The property of a person must go to the legal heirs in accordance with the applicable laws of inheritance. By making a Will, a person exercises discretion in who will be the legal heir, how much share in the estate each of the legal heirs will inherit and also exclude any legal heir completely (in certain exceptions).Salient Features of a Will
Will is a legal obstruction in inheritance of assets. By creating a Will we:
a. Choose the beneficiary – one over the other;
b. Ensure succession in an efficient manner
The making of a Will can be a simple process under professional guidance and involves the following general but significant aspects:
The Testator (a person who makes the Will) can appoint an executor in the Will. The Executors are bound to carry out the directions of the Will.
An executor is expected to distribute the assets of the deceased among the beneficiaries. Moreover, he is also authorised to collect and realise the estate of the deceased and pay the debts. The Executor is empowered to file a petition to obtain probate (proof) of Will from the court of law.
There are no specific guidelines to appoint the Executor. The appointment is solely on the Testator’s desire. One may note that any person who is appointed as an Executor may refuse to act as one. If he refuses to perform the required obligations, he cannot be forced to do so. The number of Executors can be more than one. And even a beneficiary can be appointed as the Executor. A lawyer, a firm of lawyers, or a company can be named as the Executor.
In case the Executor is incapable of acting or refuses to act as one, the Court appoints an Administrator at the instance of the interested persons/beneficiaries.
Beneficiary is a person who is named by the Testator in his Will to receive the benefits of the estate. A Testator has the capacity to give his/her property to any person. It is however, important to note that such bequeaths should be above suspicion. For example, in a case where the persons attesting as witnesses were not close enough to a Testator so as to enjoy his trust and these witnesses were not independent but interested in the beneficiary under the Will, the court held this to be a suspicious bequeath.Witnesses
There should be at least two witnesses to a will each of whom should have seen the Testator sign the Will. The witnesses should put their signatures in the presence of the Testator.Registration
Under the Indian Laws, the registration of the Will is not at all compulsory. It is an option on part of the Testator to register the Will. As far as the legality of the registered and unregistered Will is concerned, the genuineness is at par. However, the registration of the Will has a number of benefits. So it is advisable to have that done.
Any testator can execute a Will on a plain sheet of paper. After that he can have it registered with the concerned Registrar. The advantages of the registered Will are many. Once registered, the Will is neither lost nor can be destroyed or stolen or tampered with.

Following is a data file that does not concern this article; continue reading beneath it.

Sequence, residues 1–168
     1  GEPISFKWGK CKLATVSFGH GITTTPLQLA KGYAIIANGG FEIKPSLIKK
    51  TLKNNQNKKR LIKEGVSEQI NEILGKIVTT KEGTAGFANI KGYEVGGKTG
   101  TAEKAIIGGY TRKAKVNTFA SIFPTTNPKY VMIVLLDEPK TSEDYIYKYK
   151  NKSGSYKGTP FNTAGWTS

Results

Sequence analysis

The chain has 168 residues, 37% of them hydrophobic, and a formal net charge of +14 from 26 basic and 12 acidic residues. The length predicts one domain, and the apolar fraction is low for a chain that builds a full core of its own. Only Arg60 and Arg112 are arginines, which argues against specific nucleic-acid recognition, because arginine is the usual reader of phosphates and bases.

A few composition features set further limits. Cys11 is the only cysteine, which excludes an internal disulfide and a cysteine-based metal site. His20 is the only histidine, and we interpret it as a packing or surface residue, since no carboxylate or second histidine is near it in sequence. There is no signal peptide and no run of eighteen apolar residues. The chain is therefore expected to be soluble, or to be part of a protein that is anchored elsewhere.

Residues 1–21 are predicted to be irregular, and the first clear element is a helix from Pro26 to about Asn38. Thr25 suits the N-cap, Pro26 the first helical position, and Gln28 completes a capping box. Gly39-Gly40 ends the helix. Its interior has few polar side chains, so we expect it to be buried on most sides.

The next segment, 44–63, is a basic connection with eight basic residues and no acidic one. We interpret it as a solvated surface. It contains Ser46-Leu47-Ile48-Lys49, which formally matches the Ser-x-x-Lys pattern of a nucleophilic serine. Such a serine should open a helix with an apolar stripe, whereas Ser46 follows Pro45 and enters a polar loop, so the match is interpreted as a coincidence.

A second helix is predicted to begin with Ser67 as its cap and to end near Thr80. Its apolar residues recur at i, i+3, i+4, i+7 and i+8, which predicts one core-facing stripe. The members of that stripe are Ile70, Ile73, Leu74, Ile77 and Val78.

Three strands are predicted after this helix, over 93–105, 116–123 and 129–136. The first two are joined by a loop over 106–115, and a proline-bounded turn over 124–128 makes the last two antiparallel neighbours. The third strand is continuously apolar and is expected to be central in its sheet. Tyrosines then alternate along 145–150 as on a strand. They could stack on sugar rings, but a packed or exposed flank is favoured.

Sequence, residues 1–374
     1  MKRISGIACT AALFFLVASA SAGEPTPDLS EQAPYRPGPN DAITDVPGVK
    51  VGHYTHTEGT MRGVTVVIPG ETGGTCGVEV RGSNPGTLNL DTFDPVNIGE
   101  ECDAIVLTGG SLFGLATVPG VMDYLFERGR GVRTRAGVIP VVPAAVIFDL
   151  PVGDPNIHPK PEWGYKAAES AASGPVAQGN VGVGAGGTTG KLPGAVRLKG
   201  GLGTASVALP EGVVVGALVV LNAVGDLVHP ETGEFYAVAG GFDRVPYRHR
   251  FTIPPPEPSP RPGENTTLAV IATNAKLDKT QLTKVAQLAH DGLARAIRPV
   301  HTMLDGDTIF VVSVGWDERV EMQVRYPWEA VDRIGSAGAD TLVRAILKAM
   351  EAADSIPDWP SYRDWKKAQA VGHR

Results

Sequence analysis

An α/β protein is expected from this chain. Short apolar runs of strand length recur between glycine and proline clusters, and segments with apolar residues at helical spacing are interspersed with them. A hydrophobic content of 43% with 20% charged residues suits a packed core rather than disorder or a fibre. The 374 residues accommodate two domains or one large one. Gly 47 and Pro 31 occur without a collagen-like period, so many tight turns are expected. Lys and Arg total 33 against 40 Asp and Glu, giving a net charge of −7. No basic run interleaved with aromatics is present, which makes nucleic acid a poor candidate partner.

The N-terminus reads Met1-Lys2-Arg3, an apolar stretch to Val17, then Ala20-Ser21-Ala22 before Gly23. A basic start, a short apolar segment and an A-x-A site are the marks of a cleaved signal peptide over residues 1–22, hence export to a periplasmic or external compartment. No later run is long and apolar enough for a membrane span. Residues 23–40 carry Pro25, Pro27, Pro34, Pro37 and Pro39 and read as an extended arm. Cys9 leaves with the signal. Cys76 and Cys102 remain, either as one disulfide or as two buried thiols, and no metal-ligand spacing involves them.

If the Will is unregistered, there may be assumptions and disputes about its genuineness. When the Testator goes for registration the Witnesses accompany him.
As per the practice and procedure, the Registrar examines the Will and obtains the signatures and thumb impressions of the Testator and witnesses. These establish the bona-fides of the document.
Since the Will is a privileged document, it cannot be examined by any person. During the lifetime of the Testator, the Will can be examined only with his consent. Only after the death of the Testator the certified copy of the Will, maintained with the office of Registrar can be given after producing the death certificate of the Testator.
In case the Will is required to be changed after registration, it is advisable that any changes in the registered Will are made only by way of a registered instrument by way of Will or Codicil (document amending an existing Will). From this point of view, registration of Will may be disadvantageous. That is since modification, if required, calls for registration all over again.Registration of will after death
There is a provision under the Registration Act, 1908, whereby the Will can be registered even after the Testator dies. Such a Will, once executed by the Testator, can be registered with the Registrar by the Executor or the beneficiaries. To do this, an application can be filed with the Registrar along with the original Will and the death certificate.
The Registrar is obliged to record the statement of the witnesses. After having satisfied himself about the authenticity, the official can register it.
Note: It is important to remember that our Courts have seen many legal battles due to improper making, execution and witnessing of Wills and these could have been easily avoided by seeking professional help. The experts advice the videography of the execution of a Will in the presence of a family doctor and a doctor’s certificate confirming the mental health of the testator at the time of executing a will.The author is Partner at the law firm, SNG & Partners.